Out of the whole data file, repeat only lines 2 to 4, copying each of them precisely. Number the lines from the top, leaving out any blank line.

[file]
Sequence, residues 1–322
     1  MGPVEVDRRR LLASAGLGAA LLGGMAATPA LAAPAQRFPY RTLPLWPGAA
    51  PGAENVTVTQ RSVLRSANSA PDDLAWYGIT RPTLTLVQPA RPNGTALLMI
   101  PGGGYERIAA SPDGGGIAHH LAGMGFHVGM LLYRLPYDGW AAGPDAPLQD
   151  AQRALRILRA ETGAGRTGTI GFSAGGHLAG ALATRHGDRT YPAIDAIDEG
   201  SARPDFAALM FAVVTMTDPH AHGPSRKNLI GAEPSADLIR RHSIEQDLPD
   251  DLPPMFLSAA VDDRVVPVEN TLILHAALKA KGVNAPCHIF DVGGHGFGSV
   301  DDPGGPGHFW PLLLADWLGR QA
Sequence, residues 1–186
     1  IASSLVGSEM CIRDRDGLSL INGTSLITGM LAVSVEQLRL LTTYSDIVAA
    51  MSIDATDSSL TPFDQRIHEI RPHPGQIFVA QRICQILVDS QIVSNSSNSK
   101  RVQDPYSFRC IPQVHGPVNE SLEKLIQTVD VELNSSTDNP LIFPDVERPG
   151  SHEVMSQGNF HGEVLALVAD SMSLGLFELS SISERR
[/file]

     1  MGPVEVDRRR LLASAGLGAA LLGGMAATPA LAAPAQRFPY RTLPLWPGAA
    51  PGAENVTVTQ RSVLRSANSA PDDLAWYGIT RPTLTLVQPA RPNGTALLMI
   101  PGGGYERIAA SPDGGGIAHH LAGMGFHVGM LLYRLPYDGW AAGPDAPLQD